Iron ore just can’t stay out of the news. The commodity has hit another post-financial crisis low—and a record low—when it hit $US52.90 overnight. This was down 2.2 percent from its prior close of $US54.10 a tonne.
Although analysts believe the commodity is reaching the bottom of its trading, and boy, do the rest of us hope so too, investors continue to worry about the oversupply in the market, which shows no sign of lessening. The fall is the second straight six-year trough for the commodity.
China is the biggest influencer on the price of—and worry over—iron ore. Demand for iron ore in the Asian country is feared to start flatlining after several months of it slowly dropping. The latest downward move in price is mostly attributed to this, as well as the renewed strength of the US dollar.
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Rio Tinto Expanding Iron Ore Mine In Pilbara Despite Price At Five-Year Low
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Voices attacking the iron ore industry for inflating the market have gotten a little louder recently, adding Fortescue Metals Group’s founder and chairman Andrew Forrest to the list. Forrest, among others, has called for cutbacks in supply from the big iron ore producers: BHP Billiton, Vale and Rio Tinto. Forrest has gone on to say that if these large companies were to hold back on plans to increase production, the prices could recover drastically and go back to trading at around $US90 a tonne.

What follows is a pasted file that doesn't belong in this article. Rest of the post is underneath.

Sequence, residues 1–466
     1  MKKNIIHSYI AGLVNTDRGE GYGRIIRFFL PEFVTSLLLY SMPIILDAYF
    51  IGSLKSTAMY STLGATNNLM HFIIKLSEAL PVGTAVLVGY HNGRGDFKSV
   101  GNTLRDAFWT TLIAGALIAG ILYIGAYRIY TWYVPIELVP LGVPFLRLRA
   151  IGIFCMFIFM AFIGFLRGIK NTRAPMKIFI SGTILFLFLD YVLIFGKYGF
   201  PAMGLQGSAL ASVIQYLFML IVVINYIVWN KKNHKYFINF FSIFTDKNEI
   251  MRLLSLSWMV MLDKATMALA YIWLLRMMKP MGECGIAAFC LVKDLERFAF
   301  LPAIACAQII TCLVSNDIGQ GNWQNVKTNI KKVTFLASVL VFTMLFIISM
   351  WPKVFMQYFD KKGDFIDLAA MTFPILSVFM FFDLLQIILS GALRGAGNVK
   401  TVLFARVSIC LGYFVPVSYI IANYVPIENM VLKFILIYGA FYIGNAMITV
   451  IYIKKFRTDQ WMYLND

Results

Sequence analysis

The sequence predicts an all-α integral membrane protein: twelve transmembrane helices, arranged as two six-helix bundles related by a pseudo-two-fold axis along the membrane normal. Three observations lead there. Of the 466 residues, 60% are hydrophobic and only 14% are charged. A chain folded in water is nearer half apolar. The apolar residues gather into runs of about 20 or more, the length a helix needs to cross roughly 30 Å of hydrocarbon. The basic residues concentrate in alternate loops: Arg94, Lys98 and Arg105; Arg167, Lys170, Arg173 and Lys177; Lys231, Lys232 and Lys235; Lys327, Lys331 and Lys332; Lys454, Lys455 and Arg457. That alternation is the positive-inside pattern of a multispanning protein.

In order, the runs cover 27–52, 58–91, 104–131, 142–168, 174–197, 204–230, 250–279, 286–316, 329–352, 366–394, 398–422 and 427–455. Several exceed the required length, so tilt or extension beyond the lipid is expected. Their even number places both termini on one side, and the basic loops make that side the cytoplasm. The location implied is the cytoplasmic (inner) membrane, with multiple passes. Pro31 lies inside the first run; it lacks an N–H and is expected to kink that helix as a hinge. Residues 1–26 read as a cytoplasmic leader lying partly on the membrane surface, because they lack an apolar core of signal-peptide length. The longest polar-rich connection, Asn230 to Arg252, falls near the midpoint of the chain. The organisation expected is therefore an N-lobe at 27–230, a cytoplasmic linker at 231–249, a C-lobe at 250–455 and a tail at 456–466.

According to Business Spectator analysis, Forrest is arguing in the face of a $US1 a tonne breakeven price on production of iron ore. For his business, and several other mines in Australia and abroad, something is going to have to change to slow down the dropping prices.
Information sourced from The Daily Telegraph.